The accessibility of music production software has a sea of burgeoning beatmakers fighting for the attention of their favourite artists, often with the goal of making it out as an artist in their own right. But as their numbers continue to rise, the ratio of those that will actually produce game changers decreases. New Jersey’s Mike Volpe, better known as Clams Casino, through LimeWire digging sessions on his Dell laptop, managed to create a sound that became instantly recognisable as his own, and has been much imitated over the years. His atmospheric concoction of knocking boom bap drums layered with a melancholic collage of distorted samples and abstracted vocals, created an otherworldly sound that broke through with Lil B’s ‘I’m God’ in 2010 and cemented itself in 2011 with 5 tracks across A$AP Rocky’s debut mixtape Live.Love.A$AP.
Since then Clams has racked up an impressive list of production credits, from Mac Miller to FKA Twigs, secured remix work for the likes of Lana Del Rey and Florence + The Machine, and gained acclaim for the instrumental versions with his own mixtapes. His has always been progressive yet instantly recognisable, and that’s exactly what he brings into his brand new solo album 32 Levels, which feels like his own mythology encapsulated into 12 tracks.
The first half of the album will keep fans of his rap production excited, with appearances from A$AP Rocky and Vince Staples, as well as three features from Lil B, with the Based God playing a narrator of sorts for the album. While the second half experiments more with song, bringing back existing collaborators like Mikky Ekko and Sam Dew, as well as collaborating with some wishlist contributors like Kelela and Future Islands’ Samuel T. Herring. It’s an ambitious record, and one that he certainly does justice to, but most impressively he succeeds without leaving his roots in the dust.
With such a unique sound, it’s not surprising that many artists find it difficult to approach his beats, or that when they do, the results are often too different to fall into a cohesive album. Luckily 32 Levels puts Clams in the drivers seat, allowing him to deliver his own vision and unleash music that otherwise wouldn’t have a home. Despite being such an exciting record on paper, with a dream line-up of collaborators, Clams Casino himself is undoubtedly the star of the album, with the full freedom to create and make the executive decision without having to tailor his sound to appease a client.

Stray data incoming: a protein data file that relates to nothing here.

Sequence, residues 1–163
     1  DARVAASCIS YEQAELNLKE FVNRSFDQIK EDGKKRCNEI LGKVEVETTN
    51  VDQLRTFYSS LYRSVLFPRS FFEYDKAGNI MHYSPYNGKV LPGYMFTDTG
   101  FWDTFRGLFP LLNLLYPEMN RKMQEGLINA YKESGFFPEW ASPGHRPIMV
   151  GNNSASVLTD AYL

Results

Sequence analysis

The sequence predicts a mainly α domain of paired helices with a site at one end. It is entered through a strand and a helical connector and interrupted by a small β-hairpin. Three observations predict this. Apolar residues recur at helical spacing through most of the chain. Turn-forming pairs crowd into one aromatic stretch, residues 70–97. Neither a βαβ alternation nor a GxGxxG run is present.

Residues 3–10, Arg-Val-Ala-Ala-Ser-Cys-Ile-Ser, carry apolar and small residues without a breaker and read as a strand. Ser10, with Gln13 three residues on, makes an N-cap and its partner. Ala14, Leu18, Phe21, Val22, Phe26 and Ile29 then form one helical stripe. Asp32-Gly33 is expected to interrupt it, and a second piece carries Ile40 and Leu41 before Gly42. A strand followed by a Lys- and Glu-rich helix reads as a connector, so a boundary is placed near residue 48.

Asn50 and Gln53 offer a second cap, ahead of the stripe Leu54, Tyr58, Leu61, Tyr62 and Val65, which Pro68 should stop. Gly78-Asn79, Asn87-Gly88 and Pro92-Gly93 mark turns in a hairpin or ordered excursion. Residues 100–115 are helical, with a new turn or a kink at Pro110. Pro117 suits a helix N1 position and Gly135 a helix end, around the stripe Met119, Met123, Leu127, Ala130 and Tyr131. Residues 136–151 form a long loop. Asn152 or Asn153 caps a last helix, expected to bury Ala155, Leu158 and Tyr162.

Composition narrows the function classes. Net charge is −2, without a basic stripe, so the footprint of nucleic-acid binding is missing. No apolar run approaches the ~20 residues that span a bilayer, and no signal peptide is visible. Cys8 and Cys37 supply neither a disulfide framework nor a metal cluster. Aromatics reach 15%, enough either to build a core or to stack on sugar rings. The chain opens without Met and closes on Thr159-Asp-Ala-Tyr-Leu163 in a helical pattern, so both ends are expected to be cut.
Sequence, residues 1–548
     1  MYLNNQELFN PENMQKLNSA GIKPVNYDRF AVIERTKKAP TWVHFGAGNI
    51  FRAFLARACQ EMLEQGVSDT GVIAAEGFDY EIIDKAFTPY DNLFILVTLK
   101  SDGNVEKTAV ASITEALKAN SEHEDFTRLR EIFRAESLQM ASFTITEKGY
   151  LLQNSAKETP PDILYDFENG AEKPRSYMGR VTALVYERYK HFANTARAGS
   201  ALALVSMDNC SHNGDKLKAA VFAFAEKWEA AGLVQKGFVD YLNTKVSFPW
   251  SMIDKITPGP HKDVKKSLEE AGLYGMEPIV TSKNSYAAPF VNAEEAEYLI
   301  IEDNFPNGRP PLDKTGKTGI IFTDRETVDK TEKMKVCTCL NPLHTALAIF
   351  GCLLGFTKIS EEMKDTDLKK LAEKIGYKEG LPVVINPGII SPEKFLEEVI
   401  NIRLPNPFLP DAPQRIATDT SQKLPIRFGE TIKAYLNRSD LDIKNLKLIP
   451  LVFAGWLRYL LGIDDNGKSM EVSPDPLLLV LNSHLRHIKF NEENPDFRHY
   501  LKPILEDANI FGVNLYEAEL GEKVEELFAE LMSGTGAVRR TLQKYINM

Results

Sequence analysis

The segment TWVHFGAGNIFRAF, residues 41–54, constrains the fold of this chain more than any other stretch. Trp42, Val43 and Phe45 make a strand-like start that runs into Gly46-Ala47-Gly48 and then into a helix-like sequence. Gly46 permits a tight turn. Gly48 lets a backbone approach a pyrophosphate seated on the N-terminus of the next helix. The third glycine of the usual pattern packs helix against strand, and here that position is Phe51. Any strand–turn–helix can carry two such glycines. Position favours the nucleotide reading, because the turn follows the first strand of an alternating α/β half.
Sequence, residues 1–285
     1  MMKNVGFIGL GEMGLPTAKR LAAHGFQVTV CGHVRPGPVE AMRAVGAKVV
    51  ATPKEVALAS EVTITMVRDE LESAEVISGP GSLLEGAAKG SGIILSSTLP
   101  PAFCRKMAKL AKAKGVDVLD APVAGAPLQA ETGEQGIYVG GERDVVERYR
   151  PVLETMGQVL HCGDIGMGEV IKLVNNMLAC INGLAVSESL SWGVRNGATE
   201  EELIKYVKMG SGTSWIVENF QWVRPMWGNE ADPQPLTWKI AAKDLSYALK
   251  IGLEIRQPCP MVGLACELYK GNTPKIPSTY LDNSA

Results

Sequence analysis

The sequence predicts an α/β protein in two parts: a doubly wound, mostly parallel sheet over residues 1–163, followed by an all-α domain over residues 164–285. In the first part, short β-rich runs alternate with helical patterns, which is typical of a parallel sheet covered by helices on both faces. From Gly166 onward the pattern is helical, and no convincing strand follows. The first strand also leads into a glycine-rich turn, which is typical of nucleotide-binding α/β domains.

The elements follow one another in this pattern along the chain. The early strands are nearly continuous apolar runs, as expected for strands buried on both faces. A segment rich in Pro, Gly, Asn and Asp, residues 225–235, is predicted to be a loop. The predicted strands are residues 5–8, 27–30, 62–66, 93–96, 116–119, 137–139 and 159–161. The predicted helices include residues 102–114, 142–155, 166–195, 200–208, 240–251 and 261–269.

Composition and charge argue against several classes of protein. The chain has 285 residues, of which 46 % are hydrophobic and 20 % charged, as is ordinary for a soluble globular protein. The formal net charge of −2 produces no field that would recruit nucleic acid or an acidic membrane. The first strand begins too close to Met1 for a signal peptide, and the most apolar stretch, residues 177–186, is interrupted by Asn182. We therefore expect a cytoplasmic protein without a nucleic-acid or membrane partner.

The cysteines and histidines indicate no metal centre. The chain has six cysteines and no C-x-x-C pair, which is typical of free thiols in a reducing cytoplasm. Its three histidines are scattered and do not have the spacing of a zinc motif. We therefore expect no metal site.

We sat down with Clams Casino for a rare interview, discussing a debut that’s been years in the making…
How does it feel to finally be putting out a debut?
I feel relieved that I can talk about it now, after working on it for so long. It feels good to step away from it for a little bit and just be able to enjoy the other stuff, the other parts about it. I was working on it for a few years, almost a little over two years. It’s just refreshing to get back to making beats for other things and just, with no goals and stuff and so that’s what I’ve been kind of getting back into.
It’s been around five years since you had that first breakthrough releasing stuff with Lil B and A$AP Rocky, and your Rainforest EP. I was wondering why you felt like now was the right timing to release an album where you’re the lead artist?
Is really just the timing of it naturally. I felt like when I was ready to do I, it just happened. I don’t really force anything, things come naturally. I started this album because I was working on a lot of other people’s albums and there was just a lot of things that were left over, and songs that weren’t really going on people’s albums, because they didn’t fit in [with the rest of their album]. But there was a lot of amazing music, so the way to get that out and not waste it, is to have me be the string that’s tying everything together, instead of working on other people’s stuff. It’ll have a home if I just be the one thing that connects them all. That’s the first idea that I had a few years ago, and I take a long time to make stuff that I’m really happy with.
As someone who’s used to working on other people’s albums, was it quite liberating to be working on your own and be able to really make the choices?
Theres definitely less demand to fit in with other things, there’s a lot more freedom. That was really something that helped the creative process, just getting deeper into my own world rather than trying to fit on other people’s projects, because my music doesn’t really fit in a lot of places. It’s not easy for a lot of artists to [fit on my beats]. So that was a really big reason why I wanted to do it, was to have that freedom and control.
How would you describe the overall process of making this album?
The whole beginning of the process I was just going around recording sample material for a few months. Almost a whole year, I was just going around the studios and recording samples. I was playing drums, playing keyboard; just messing around and recording things that I could go back to. That first part of the process was a really long time. I wasn’t even really making beats, I was just recording things that eventually I would be going back to to make samples.
Then once I got a whole bunch of that stuff, after a few months in I did it a lot in New York in a studio in Brooklyn. I went to LA, a studio over there, and flew out to London as well to do the same thing. Just running around a bunch of studios with a lot of equipment. Then I just took all this stuff and I started getting into the beats, a lot I made a home by myself. Some of them started with artists in the studio together, but I’d say the majority of it is made at home by myself.